There have been plenty of bizarre things in travel this year but you can bump this incident to the top of the list. An almost two-minute video has gone viral on TikTok and Twitter, showing passengers reacting to what appears to be someone hacking into an American Airlines public address system.
When I first heard about it, I thought for sure it was a prank but once you watch the video, you realize it’s not.
An actor named Emerson Collins with the Twitter handle @ActuallyEmerson filmed and tweeted: “The weirdest flight ever. These sounds started over the intercom before takeoff and continued throughout the flight. They couldn’t stop it, and after landing still had no idea what it was.”
The weirdest flight ever.
These sounds started over the intercom before takeoff and continued throughout the flight.
They couldn’t stop it, and after landing still had no idea what it was. pic.twitter.com/F8lJlZHJ63
— Emerson Collins (@ActuallyEmerson) September 23, 2022
Emerson was on an American Airlines flight from Los Angeles to Dallas and he tweeted that he filmed about 15 minutes of the noises and pieced his video together. He says in the video: “Someone on this flight seems to have broken into the intercom system and continues to make a sound.”
RELATED: Shocking Video Shows Passenger Punch American Airlines Flight Attendant in Back of Head
Then, you can hear the flight attendant make an announcement saying: “Ladies and gentlemen, we realize there is an extremely irritating sound coming over the public announcement. The flight deck is trying to troubleshoot, trying to turn it off so please be patient with us. We know this is a very odd anomaly and none of us are enjoying it so we do appreciate your attention just for a few more moments while we try to figure out how to turn it off.”
At another point in the pieced-together video, the flight attendant tells Emerson she swears it’s a prank and in the next clip, you can hear the captain make announcement saying: “We’re looking into things to do to try and mitigate that. Will do what we can, if not will let them know when we get to Dallas.”
It turns out this happened on September 6 and in an interview today with the Los Angeles Times, Emerson said it happened “for the first half-hour of the flight, the noise returned every two to three minutes, Collins estimated, so he took out his phone and began recording. Many people were snoozing, and some had slipped on their headphones, but Collins, delighting in the hilarity of it, wanted the full experience, he said.”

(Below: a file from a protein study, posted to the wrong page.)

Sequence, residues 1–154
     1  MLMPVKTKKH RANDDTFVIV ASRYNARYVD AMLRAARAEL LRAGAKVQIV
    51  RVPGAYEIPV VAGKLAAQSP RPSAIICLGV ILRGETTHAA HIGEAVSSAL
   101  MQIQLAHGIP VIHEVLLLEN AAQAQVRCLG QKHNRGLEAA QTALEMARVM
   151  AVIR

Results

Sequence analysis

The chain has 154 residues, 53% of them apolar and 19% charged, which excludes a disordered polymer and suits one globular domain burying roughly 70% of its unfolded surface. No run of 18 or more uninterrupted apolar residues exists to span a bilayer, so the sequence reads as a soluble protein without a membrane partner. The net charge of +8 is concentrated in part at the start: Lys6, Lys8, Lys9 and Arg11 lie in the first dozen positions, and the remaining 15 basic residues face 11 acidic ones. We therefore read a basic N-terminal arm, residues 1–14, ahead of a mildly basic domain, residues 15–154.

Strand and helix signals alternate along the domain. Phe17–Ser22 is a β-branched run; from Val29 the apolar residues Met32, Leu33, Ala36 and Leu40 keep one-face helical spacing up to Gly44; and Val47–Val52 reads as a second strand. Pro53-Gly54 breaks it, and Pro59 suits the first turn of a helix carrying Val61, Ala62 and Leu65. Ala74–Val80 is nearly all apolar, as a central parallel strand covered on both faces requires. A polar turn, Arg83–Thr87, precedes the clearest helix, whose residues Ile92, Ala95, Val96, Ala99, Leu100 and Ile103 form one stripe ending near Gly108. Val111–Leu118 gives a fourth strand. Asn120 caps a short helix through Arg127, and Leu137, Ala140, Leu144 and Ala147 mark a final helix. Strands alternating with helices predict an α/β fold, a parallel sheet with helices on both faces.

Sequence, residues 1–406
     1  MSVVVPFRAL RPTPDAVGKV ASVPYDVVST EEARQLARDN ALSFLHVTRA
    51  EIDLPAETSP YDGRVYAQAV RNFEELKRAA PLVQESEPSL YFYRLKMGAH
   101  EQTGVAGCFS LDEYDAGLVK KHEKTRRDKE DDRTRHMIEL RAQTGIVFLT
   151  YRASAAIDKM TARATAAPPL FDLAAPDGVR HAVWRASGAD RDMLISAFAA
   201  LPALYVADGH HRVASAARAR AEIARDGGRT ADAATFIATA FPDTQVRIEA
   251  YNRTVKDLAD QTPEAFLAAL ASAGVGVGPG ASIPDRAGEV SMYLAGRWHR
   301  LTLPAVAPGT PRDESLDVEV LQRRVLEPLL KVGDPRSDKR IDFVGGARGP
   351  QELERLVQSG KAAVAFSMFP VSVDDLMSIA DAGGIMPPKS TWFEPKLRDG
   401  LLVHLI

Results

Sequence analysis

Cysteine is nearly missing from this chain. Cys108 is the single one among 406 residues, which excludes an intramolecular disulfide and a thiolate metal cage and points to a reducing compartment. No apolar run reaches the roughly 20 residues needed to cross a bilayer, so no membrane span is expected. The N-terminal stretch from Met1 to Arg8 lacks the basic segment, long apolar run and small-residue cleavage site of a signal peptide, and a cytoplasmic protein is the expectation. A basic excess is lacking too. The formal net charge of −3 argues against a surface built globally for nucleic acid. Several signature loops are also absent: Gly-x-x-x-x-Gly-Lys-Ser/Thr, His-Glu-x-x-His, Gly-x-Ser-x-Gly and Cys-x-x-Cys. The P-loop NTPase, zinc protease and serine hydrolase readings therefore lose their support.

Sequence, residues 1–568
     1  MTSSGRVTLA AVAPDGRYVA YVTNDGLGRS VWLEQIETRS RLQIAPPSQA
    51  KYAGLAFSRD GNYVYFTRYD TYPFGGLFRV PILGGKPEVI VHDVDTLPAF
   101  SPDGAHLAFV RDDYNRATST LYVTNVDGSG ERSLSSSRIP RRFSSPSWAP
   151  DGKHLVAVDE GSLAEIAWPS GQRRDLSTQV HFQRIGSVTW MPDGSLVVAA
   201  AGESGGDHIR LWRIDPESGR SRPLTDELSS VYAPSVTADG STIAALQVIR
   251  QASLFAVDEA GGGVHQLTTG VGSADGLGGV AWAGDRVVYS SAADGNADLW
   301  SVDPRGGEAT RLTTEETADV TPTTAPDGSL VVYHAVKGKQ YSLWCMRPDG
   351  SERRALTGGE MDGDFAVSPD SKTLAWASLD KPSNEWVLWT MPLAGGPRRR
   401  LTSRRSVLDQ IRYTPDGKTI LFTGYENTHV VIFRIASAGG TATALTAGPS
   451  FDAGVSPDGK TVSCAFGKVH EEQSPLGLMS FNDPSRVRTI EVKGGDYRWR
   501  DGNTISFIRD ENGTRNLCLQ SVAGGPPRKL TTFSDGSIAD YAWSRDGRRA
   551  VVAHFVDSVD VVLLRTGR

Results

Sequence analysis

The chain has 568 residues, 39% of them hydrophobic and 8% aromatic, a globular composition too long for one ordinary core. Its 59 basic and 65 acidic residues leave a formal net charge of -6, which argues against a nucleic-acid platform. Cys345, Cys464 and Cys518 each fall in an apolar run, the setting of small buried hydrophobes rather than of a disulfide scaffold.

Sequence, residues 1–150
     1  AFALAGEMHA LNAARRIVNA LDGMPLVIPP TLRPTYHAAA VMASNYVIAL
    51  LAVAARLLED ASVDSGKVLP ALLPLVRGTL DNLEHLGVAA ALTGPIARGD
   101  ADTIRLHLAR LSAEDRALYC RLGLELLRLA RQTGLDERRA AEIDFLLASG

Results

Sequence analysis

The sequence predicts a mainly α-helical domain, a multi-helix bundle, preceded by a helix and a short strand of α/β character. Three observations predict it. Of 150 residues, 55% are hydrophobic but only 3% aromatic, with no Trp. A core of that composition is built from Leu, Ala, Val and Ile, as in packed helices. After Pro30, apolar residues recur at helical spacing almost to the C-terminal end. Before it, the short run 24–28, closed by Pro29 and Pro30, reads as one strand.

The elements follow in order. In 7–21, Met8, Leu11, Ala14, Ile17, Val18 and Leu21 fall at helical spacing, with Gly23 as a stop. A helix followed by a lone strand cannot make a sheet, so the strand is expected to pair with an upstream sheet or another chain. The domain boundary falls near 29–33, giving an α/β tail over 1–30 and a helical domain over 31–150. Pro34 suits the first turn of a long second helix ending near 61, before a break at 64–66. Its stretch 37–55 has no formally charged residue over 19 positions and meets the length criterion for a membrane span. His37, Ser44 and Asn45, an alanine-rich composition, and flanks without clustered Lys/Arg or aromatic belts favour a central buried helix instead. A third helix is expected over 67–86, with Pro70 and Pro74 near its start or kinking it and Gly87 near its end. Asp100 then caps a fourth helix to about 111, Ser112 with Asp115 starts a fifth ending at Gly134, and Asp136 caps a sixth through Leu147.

RELATED: Say it Ain’t So! American Airlines Eliminates its Best Online Booking Feature
According to Gary Leff from View From The Wing: “American Airlines inspected the Boeing 737-800 as well as the P.A. system itself after these reports. They tell me that maintenance “determined the sounds were caused by an issue with the PA amplifier. There was no external access to the system.”
I don’t believe that it was a malfunctioning P.A. but I can understand AA’s desire to try and quash worries about any spooky sh*t that’s happening on their aircraft.
In the Los Angeles Times story, they said someone else had a similar experience: “Bradley P. Allen, a technology executive from Manhattan Beach, couldn’t believe what he was hearing when he stumbled across the video on Twitter. He had the same perplexing experience during his American Airlines flight from John F. Kennedy Airport to LAX in July.”
RELATED: Taylor Swift’s Clever Tip for Flying Southwest Airlines
There are also reports of this happening again on an American Airlines flight from John Wayne Airport in Orange County to Dallas on Sept. 18. @xJonNYC tweeted: “Reports of similar noises on yet another American Airlines flight, this one from John Wayne Airport in Orange County to Dallas on Sept. 18, also made their way to Twitter in recent days.”
He then says: “So, worth adding; at this point I have ZERO idea what/how/if on this whole thing. Additional details tricked in but didn’t add much: “Sounded like a male voice and wouldn’t last more than 5-10 seconds before stopping. And has [intermittently] happened on and off all flight long … I also feel the need to add that the “hacked into” part is the part I’m having the most trouble with– it doesn’t feel physically possible. At same time, cannot for the life of me figure out what the eventual explanation is gonna be.”
So, what do you think? Is this a malfunctioning system, a prank or something more sinister?
There are companies like https://ioactive.com/ that document ways hackers can exploit the 3rd party systems (like Panasonic) that airlines use. They provide the information to the 3rd parties vendors AND the airlines. But, it is up to the vendors and airlines to close the loopholes and exploit paths in the systems. The vendors also train technicians to service the systems. It is likely a tech who was laid off or fired who knows the systems inside and out who is hacking.